Physical Therapy Protocols
After an overhead athlete (i.e., baseball or volleyball player) undergoes surgery to their throwing or dominant arm, they participate in extensive rehabilitation. This rehab process may take a number of months before a player is cleared to begin their sport-specific return to play protocol. The last phase of rehab includes a plyometric program that increases the dynamic and functional capabilities of the upper extremity. This Plyo-Ball program is designed to increase strength and endurance prior to initiation of the return to play protocol (i.e. a throwing program for baseball players or overhead hitting for volleyball players).
What is extremely important for baseball players to understand is that our Plyo-Ball program is not to be confused with a velocity enhancement program. This program is designed to get a player ready to throw again after many months of not being able to throw. The rehab period for any athlete is designed to optimize the entire body, not just throwing arm. These exercises are intended to be instructional and are in no way a guarantee to increase performance alone. Plyo-Ball exercises are to be implemented at the appropriate time and should not be performed until you are given clearance from Team Ahmad. Participating in Plyo-Ball exercises prior to clearance may results in re-injury.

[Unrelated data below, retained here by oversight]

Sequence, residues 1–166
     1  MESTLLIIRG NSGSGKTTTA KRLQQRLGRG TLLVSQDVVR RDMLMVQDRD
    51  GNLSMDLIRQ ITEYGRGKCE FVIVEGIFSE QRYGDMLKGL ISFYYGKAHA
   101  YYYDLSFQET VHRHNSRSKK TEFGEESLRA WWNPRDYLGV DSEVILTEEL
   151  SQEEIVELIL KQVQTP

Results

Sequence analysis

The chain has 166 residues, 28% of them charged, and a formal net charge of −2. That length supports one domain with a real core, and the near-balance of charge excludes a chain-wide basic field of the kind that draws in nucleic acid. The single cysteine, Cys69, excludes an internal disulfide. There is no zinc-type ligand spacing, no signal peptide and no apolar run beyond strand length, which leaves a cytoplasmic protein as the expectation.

A study recently conducted by our office took a look at all of the published literature regarding Plyo-Ball throwing. The first study focused on weighted ball performance enhancement dates back to 1966 with the most telling article being published in 2018. Up until 2018, the literature has been insightful but has lacked important features such as dosage, frequency and associated injury rates. To date, there has only been one study that has reported on injury rates in under- and over-weighted baseball throwing. For these and other reasons, the videos seen on this page are intended to be used in a rehab setting and not for performance enhancement.